Anita Barker, from the Toronto Aboriginal Community Justice Group, is a renowned activist within the local indigenous community.IT is a tragic reality that domestic violence continues to plague our communities. And while efforts to bring it into the open are having a positive effect, our work is not done.
There are some individuals and organisations making a difference.
Anita Barker, from the Toronto Aboriginal Community Justice Group, is a renowned activist within the local indigenous community.
She tells me that some years ago, she realised family violence was not being spoken about enough within the Aboriginal community.
So she created the Koori Love Shouldn’t Hurt domestic violence forum, now in its fourth year.
The one-day forum has discussions and guest speakers – some of whom are perpetrators andvictims of domestic violence, and service providers.
Each year ambassadors are appointed, such as sportspeople and prominent local identities. They talk about how young men can become good partners, and spread the message that violence against women has no place in Aboriginal culture, or our society more broadly.
It is a tribute to the program that the Toronto Aboriginal Community Justice Group was nominated in the 2014 Aboriginal Justice Awards, presented this week.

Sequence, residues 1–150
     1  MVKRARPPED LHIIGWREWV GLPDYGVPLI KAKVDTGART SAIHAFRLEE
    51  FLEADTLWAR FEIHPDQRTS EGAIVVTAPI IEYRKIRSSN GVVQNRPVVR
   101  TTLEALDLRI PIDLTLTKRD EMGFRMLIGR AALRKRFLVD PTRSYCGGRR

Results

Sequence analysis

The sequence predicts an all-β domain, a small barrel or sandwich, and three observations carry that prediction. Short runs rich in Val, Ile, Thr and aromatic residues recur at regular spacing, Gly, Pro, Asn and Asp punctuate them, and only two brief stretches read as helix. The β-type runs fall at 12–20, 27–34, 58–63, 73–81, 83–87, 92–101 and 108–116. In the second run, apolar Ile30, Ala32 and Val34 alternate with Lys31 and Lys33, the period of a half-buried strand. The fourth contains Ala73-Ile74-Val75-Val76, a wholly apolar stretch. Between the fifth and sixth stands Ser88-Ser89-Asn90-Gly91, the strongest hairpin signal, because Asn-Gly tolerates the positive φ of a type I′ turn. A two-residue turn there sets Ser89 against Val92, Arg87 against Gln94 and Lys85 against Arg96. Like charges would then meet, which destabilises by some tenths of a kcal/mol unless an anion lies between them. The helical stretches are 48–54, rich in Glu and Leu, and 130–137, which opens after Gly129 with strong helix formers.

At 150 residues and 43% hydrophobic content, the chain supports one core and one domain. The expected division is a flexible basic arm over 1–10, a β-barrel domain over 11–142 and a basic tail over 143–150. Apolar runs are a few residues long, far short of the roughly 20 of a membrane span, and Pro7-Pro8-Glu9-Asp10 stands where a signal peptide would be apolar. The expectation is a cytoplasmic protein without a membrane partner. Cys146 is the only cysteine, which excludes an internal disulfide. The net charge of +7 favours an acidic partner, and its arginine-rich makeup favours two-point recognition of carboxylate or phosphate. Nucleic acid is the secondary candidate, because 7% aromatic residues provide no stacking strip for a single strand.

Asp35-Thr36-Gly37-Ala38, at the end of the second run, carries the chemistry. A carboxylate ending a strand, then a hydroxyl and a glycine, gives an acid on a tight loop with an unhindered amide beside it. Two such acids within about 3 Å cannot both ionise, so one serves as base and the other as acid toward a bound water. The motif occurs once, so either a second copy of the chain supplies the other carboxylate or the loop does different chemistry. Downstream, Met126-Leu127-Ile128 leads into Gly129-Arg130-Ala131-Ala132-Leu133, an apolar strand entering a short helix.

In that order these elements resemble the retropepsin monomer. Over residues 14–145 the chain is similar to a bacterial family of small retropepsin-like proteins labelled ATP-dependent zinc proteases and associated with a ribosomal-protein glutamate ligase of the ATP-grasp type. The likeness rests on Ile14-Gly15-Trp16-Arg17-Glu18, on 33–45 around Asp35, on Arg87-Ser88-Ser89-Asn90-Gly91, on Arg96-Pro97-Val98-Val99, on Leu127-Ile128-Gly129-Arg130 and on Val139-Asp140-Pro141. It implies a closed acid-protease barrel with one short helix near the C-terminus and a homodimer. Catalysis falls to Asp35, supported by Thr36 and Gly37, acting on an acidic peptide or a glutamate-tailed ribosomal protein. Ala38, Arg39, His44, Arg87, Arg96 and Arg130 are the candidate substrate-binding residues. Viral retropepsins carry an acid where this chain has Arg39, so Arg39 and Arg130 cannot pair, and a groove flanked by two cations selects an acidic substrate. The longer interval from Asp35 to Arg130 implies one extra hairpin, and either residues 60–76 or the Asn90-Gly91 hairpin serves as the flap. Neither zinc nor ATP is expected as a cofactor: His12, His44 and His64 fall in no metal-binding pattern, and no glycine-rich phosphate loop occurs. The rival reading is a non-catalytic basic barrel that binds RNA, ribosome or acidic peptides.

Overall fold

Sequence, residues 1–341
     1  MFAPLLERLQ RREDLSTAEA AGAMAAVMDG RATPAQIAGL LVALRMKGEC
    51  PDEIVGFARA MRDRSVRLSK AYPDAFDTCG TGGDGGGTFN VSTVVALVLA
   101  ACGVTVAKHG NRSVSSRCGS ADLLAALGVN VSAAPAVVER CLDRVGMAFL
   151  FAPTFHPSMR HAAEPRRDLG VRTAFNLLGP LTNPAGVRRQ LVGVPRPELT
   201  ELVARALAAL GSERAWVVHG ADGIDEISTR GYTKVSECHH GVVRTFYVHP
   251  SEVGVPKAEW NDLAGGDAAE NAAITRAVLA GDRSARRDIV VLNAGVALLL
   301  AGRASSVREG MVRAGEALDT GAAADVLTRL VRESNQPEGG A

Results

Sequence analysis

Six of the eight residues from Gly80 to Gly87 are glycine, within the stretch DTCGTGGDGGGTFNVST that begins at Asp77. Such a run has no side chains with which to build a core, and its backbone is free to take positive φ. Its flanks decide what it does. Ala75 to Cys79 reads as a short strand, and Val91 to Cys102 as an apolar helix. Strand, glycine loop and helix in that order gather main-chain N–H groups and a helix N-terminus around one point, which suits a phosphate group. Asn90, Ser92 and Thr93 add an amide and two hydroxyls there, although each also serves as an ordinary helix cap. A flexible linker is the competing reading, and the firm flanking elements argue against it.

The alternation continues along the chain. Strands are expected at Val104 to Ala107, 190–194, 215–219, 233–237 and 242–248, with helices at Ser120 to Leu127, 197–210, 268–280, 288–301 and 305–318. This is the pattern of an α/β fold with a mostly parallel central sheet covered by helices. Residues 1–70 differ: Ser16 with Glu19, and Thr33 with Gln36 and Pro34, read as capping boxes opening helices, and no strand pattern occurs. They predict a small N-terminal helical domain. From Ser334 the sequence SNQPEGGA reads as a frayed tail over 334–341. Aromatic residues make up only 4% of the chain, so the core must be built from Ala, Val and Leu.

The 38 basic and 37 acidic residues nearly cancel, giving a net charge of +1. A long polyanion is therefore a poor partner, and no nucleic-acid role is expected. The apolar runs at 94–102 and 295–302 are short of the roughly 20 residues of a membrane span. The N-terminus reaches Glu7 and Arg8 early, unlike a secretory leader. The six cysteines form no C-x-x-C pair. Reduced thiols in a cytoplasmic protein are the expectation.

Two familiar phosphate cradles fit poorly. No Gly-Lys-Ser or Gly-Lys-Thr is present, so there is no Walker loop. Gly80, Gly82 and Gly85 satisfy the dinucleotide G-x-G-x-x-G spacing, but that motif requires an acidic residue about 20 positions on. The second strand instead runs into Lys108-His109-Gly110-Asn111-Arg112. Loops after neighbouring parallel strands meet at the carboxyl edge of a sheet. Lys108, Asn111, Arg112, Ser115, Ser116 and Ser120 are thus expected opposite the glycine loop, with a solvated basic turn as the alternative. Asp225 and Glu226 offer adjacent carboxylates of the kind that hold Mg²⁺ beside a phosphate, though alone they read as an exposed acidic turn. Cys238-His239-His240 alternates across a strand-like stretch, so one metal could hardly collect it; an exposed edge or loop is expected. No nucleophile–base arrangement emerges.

Of course, this is just one initiative that is helping raise awareness. The White Ribbon Day and Reclaim the Night events are familiar to us all.
Our laws must provide the most appropriate framework to tackle this problem. And when they don’t, we must not remain silent.
Recently, I met with a young woman who fled a violent relationship, moving interstate to escape the abuse. Like many in her situation, she maintains contact with the father of her children to satisfy access arrangements.
When her partner’s intimidating behaviour continued, she found the legal safety net that is supposed to protect her – an apprehended violence order – could not be enforced across state borders.
In the civil system, there are mechanisms in place to serve subpoenas outside of the jurisdiction in which the matter is going to be heard, and I have written to the Attorney-General to ask about extending similar exemptions to situations like this.
Policy decisions such as these, made both here and by our state counterparts, have the greatest effect for organisations working in the social and community sector.
I note that the NSW government has embarked on the Going Home, Staying Home reform package, which seeks commercial tenders from organisations to deliver specialist women’s domestic violence and homelessness services.
While the extra funding tied to these reforms is commendable, the unfortunate consequence is that smaller organisations – such as the Warlga Ngurra Women and Children’s Centre in Wallsend – will miss out on funding because they simply cannot compete with larger organisations.
The changes also stipulate that services are to be delivered across the board to women and children, as well as men.
When so many women at risk of homelessness are fleeing a domestic violence situation, eliminating women-only services could be a very real barrier in a woman’s choice to seek help.
Pat Conroy is federal member for Charlton. This is a version of an address to Parliament this week.